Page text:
WASHINGTON — Feeding high levels of distiller's dried grains with solubles (DDGS) to pigs is reducing feed costs for Canadian swine producers and leading to excellent growth performance in their herds, the U.S. Grains Council said on May 14.

"Growth performance during the trial was excellent," said Eduardo Beltranena, a research scientist with Alberta Agriculture and Rural Development. "Feed cost at the time this trial ran was so high that 100 grams more feed per pound gained represented $2.40 extra feed cost per hog marketed."

Mr. Beltranena is the leading researcher for a collaborative study sponsored partly by the USGC. The council said it is currently in the second phase of determining the impact on growth performance and pork quality with the inclusion of high levels of DDGS in the diet. Though the project is not complete, Mr. Beltranena reported "no concern whatsoever" in the growth performance of the pigs when fed 30% DDGS.

"Our results showed that feeding 30% corn DDGS and implementing a withdrawal strategy did not affect neither hog growth performance, feed cost per hog, income over feed cost nor cost per pound gained. However, the rate of withdrawal of corn DDGS out of the finishing diets improved carcass dressing percent and estimated carcass pork yield," he said.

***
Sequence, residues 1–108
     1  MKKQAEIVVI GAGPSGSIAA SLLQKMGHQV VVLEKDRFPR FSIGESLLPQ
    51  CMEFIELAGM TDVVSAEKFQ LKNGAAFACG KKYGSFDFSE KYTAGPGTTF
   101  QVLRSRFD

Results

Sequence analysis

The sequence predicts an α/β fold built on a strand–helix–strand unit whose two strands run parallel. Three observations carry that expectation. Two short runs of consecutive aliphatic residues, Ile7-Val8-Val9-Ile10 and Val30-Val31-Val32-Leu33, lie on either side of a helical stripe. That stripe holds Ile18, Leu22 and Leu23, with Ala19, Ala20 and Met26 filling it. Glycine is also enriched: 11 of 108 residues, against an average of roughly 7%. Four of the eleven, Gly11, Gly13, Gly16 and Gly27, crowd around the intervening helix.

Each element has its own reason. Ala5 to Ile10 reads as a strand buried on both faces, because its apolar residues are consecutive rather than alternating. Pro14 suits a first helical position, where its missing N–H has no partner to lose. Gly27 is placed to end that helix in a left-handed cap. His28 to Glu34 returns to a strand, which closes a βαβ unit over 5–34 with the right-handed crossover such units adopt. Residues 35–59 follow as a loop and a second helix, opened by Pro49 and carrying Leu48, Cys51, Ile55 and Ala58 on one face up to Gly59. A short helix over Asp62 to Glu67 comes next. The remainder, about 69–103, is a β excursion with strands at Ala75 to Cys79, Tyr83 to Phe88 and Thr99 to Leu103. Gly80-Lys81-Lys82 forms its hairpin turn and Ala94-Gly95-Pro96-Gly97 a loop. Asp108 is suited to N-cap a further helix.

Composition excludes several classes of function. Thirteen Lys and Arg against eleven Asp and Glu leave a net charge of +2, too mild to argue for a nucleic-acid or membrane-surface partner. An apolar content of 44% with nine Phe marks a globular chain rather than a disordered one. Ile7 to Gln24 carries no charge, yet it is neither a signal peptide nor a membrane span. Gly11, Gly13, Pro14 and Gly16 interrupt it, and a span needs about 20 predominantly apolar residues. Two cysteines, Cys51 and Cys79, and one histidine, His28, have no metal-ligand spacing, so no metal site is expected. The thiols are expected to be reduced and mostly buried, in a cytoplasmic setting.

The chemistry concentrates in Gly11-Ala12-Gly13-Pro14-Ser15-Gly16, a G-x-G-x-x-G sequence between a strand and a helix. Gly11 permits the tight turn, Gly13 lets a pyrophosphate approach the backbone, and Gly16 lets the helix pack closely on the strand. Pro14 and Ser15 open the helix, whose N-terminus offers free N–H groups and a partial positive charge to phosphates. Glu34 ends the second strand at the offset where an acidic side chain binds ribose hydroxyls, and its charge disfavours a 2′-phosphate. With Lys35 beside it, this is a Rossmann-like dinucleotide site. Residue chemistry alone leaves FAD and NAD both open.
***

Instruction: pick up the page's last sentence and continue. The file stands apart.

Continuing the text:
Pork producers are concerned with cutting feed costs, which account for 70% of the overall cost of production and they maintain a strong focus on the quality of the meat, according to the council. The researchers determined the duration of the dietary inclusion level of DDGS before market weight to avoid undesirable effects on pork and fat quality. Mr. Beltranena said these withdrawal rates are imperative to the producer and processor in order to maintain the quality of product the consumer demands.

The study, now in its final stage, will assist the council in broadening the market for the abundant co-product of U.S. ethanol production, according to USGC. Canada has consistently been the second-largest market for U.S. DDGS at 771,797 tonnes in 2008, a 142% increase from 2007. As of Feb. 28, 2009, 206,817 tonnes of U.S. DDGS have been exported to Canada.